Two decades later, service crews are still testing the compromised pipes for cracks and patching them up where necessary. It would be a huge undertaking to replace the entire network, but one KOC may yet have to tackle.

Many Kuwaitis who live and work in Ahmadi City, the leafy administrative centre of the Burgan field and home to more than 2,000 KOC employees and their families, remain furious about the vengeful attempt by Saddam Hussein and his henchmen to destroy the linchpin of Kuwait's economy.

The dark eyes of our guide at the visitor centre flash dangerously as she stabs an accusing finger at the signed order to destroy the emirate's oilfields.

The document, recovered from Saddam's headquarters in Baghdad, is prominently displayed at the Burgan centre.

The importance to Kuwait of the Burgan field, which the US government estimates may still contain about 70 billion barrels of recoverable crude, cannot be overstressed.

Today, 65 years after the start of production, this old lady still pumps about 70 per cent of the emirate's crude, thereby supplying more than half of Kuwait's foreign revenues.

The Iraqi vandalism irreparably damaged Burgan's main reservoirs and cost Kuwait 15 years of production from the field.

Now KOC is spending billions of dollars to boost its flagging output, mainly by separating and reinjecting into the reservoir the increasing volumes of saline water produced with the crude from deep underground.

But it is not all bad news. The government is expected soon to announce a major addition to its official estimate of Kuwait's oil reserves, including 12 billion barrels of new Burgan reserves.

The US oilfield consultancy and services firm Greg Croft says only the four main sandstone reservoirs have been depleted. There are deeper, albeit smaller oil deposits yet to be exploited, and some thin layers of oil-bearing sandstone between the main reservoirs.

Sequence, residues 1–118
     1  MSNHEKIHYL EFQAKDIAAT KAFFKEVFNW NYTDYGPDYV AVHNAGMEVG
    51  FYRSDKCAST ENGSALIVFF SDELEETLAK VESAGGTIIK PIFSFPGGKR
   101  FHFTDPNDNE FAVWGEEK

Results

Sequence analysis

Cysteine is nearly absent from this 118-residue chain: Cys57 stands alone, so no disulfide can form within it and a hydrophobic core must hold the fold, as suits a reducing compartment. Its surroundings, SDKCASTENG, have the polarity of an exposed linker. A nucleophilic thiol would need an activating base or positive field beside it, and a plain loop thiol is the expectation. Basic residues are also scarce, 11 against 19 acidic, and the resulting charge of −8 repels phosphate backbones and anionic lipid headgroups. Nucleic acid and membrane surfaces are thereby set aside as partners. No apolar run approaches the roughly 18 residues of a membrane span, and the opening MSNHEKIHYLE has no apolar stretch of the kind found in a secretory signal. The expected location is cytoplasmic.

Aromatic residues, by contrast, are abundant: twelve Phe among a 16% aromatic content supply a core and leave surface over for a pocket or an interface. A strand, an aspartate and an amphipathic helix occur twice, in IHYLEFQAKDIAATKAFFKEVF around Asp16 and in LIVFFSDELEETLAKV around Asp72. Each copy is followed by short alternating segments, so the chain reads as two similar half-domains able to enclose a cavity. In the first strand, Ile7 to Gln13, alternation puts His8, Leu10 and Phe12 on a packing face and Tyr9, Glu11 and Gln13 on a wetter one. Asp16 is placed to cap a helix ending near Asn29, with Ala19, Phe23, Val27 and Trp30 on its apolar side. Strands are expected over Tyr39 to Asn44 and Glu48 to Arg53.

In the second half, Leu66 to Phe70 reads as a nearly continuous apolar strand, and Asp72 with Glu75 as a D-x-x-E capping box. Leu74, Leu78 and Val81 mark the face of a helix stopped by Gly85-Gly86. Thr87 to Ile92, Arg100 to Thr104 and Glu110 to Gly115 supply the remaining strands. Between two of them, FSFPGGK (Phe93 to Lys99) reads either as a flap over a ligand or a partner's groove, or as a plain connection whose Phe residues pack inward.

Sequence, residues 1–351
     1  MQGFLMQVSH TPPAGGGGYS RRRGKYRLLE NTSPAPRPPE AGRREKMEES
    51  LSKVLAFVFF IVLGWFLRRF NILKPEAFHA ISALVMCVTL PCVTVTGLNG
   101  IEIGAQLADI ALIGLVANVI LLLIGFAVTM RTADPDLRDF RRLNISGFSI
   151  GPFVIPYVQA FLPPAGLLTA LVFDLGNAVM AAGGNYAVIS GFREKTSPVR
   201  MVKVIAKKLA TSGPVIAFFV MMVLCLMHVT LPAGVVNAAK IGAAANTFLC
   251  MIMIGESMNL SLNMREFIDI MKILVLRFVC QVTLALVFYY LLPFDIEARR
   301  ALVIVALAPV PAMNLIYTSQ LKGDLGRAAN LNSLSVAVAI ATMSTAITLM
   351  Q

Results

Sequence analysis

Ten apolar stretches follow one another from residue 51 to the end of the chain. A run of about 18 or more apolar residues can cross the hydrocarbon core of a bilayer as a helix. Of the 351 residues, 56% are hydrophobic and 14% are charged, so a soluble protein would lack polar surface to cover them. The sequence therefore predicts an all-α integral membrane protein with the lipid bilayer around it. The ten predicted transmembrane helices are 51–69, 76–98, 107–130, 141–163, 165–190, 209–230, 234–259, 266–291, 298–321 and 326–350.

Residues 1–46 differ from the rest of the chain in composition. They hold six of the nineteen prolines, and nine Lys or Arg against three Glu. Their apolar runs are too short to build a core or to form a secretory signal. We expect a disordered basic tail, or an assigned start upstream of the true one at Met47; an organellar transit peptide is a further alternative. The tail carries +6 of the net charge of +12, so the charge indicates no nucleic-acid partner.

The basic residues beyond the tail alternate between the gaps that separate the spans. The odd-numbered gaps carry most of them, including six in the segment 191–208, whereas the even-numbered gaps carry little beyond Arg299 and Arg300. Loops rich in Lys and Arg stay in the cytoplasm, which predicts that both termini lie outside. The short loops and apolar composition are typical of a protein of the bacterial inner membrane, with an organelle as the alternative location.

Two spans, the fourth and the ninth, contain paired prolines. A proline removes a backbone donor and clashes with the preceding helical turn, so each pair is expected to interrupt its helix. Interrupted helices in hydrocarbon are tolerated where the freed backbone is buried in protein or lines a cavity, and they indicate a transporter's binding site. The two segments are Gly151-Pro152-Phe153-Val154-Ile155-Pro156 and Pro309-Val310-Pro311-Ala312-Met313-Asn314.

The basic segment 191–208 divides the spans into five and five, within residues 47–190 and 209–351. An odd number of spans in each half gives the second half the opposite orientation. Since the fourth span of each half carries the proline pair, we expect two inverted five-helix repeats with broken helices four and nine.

Not all of these potential oil sources have been declared "proved reserves" because advanced drilling technology may be needed to exploit them.

That is where the Burgan Oasis comes into play.

With its conference room and less formal majlis-style meeting area, its serenely located mosque overlooking the lake and surrounding greenery, and its airy pavilion on a small island, the oasis is also a corporate retreat.

It was inside the pavilion, which is connected by a causeway and designed to resemble a traditional Kuwaiti palm-thatched family dwelling, that a historic deal was signed two years ago by KOC and Royal Dutch Shell.

That agreement, under which Shell has brought advanced technology to exploit Kuwait's "difficult" northern gasfields, was the first signed under a new "enhanced technical services" contract model.

Senior KOC officials told a recent oil and gas summit they were counting on the new style of contract to lure international oil companies back to Kuwait.

The steep decline in Burgan's output from a peak of 2.4 million bpd has not gone unnoticed in the rest of a world thirsty for oil.

If KOC's strategy works, the decline could yet be slowed or even halted.